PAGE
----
Union warns of staff shortages in Northamptonshire care homes as jabs deadline looms
Workers need first jab by Thursday to be ready for government's November cut-off date
Unions are warning Northamptonshire private care homes could lose up to 20 per cent of front line staff as Thursday's vaccination deadline looms.
The government wants all care workers to be fully vaccinated by November 11.
Doses are delivered eight weeks apart, so anybody who has not had their first jab by Thursday (September 16) could not get the second in time.
Latest NHS England figures show more than 10 per cent of Northamptonshire's 6,000-plus care home workers had yet to receive a first dose by September 5.
Council chiefs are urging workers to act now and making more no-appointment-necessary vaccination clinics available county-wide.
But union chiefs believe a significant number of members would rather lose their job than have the jab.
Northants Unison branch secretary, Kevin Standishday, said: "Our caseworkers are hearing that some care homes could see up to 20 per cent of staff refusing the vaccine.
“I spoke to a member recently who told me she would rather lose her job and home than have the vaccine.
“As we head into autumn with possibly more Covid and flu cases it’s a crisis waiting to happen. The government announces these things without any proper understanding of what will happen.”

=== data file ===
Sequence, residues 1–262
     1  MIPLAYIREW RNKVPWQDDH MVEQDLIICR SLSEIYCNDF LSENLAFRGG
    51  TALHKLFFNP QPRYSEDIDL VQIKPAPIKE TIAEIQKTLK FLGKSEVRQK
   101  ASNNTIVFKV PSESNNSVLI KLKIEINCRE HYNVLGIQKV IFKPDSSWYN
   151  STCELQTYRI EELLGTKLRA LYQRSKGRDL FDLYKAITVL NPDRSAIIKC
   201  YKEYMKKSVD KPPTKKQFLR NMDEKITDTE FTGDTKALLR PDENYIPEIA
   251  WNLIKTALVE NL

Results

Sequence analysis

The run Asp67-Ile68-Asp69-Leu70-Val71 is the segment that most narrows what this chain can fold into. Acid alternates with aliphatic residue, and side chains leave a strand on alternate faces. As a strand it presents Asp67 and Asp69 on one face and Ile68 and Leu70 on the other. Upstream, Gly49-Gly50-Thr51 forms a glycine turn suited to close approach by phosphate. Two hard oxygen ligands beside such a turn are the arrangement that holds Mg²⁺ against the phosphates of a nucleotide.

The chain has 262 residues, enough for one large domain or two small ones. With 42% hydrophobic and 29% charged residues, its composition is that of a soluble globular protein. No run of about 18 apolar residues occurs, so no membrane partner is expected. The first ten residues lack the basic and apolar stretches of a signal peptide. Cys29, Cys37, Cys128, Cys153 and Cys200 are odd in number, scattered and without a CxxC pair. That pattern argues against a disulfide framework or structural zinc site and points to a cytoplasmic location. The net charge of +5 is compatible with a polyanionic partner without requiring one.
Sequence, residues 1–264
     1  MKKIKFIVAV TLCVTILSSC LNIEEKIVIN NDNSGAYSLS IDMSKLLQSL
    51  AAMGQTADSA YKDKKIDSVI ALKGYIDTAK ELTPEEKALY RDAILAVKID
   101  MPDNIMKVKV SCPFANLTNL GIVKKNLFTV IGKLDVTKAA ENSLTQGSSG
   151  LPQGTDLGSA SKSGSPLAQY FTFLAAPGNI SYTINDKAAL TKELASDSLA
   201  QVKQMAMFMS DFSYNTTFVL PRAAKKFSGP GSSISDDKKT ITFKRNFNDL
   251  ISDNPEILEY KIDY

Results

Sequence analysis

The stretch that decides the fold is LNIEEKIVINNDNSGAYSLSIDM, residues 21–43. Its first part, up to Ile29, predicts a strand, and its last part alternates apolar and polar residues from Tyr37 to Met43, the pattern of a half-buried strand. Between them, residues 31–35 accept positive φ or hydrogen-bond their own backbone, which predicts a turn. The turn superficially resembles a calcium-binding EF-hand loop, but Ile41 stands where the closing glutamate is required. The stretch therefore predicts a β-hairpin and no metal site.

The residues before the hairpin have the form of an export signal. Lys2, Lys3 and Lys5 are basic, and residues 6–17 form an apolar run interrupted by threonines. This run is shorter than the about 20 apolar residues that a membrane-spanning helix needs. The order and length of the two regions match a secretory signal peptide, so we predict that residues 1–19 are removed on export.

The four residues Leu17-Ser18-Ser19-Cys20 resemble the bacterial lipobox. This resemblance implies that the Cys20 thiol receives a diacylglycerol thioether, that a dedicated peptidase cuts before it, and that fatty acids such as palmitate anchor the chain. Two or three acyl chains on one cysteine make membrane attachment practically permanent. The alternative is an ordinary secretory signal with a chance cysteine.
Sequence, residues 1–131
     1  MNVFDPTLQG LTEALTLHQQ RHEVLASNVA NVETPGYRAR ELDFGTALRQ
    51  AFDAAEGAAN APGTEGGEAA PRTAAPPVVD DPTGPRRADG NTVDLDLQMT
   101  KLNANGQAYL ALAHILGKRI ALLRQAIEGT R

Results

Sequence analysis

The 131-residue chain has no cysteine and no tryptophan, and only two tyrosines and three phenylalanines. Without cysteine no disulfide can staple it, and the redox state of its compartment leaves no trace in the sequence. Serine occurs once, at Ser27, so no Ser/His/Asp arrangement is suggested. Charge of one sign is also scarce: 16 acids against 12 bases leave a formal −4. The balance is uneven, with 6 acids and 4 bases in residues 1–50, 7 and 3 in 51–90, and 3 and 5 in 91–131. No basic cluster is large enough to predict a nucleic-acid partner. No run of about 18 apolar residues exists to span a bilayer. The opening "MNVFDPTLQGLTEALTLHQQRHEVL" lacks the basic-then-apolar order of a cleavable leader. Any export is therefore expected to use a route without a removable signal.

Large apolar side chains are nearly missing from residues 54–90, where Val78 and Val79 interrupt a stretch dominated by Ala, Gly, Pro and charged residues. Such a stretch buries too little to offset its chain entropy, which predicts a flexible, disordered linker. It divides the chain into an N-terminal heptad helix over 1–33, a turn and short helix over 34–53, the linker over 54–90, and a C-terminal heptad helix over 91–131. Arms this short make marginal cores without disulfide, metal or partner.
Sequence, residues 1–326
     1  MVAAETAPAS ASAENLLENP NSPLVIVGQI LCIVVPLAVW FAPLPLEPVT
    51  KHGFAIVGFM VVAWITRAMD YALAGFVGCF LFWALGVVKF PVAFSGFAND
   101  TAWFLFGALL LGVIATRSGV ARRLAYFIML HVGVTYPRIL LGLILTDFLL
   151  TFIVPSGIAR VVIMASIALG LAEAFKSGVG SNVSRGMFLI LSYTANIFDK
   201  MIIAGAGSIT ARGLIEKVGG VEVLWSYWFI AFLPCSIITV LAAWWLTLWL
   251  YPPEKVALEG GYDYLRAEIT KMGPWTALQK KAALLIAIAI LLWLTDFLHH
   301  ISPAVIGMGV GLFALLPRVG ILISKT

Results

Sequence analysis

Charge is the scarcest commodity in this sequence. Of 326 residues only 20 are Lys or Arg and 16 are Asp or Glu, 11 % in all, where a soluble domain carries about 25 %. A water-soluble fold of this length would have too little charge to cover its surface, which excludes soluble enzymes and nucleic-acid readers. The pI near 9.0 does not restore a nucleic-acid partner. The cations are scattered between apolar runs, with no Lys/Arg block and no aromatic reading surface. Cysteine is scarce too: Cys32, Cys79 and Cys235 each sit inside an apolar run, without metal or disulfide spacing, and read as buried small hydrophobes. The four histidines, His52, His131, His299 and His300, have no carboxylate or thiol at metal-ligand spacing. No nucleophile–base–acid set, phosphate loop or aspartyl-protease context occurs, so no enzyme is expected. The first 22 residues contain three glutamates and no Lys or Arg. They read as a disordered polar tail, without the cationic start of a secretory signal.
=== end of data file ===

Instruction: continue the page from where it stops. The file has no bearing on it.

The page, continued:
Gary Mitchell, a Unison caseworker in Northampton, revealed that around one-third of calls in the last two weeks have been about the new rules.
He said: “This is a sector which is already stretched.
"Staff have worked right through the pandemic and they are upset that they could now lose their jobs if they don’t have the vaccine.”
Concerns around religious reasons, safety and the impact on future pregnancy have all been widely voiced — although scientists and NHS chiefs insist there is no evidence the vaccine is unsafe.
Care minister Helen Whately told Sky News that care homes had been hit particularly hard by Covid during the pandemic.
More than 300 care home residents in Northamptonshire are known to have died with the virus since April 2020 although the true figure is thought to be much higher since the government stalled on recording data.
She added: "We have very sadly seen many residents in care homes die because they are the most vulnerable. It has to be the right thing to do to give them the best possible protection.
"The reality is that one of the best ways we can protect people living in care homes is through making sure that staff are vaccinated."
Ashely Leduc, Assistant Director of Commissioning and Performance Adults and Wellbeing at West Northamptonshire Council said: “We’d like to once again thank our care home managers and care home workers who have worked so hard throughout the pandemic, during exceptional times of pressure.
“You are such an important part of our communities, and we really want you to remain so. Please do prioritise getting your vaccinations.
“We are in regular contact with our care homes so if you do have any concerns about getting the vaccination speak to your registered manager so we can get your questions answered quickly before Thursday.”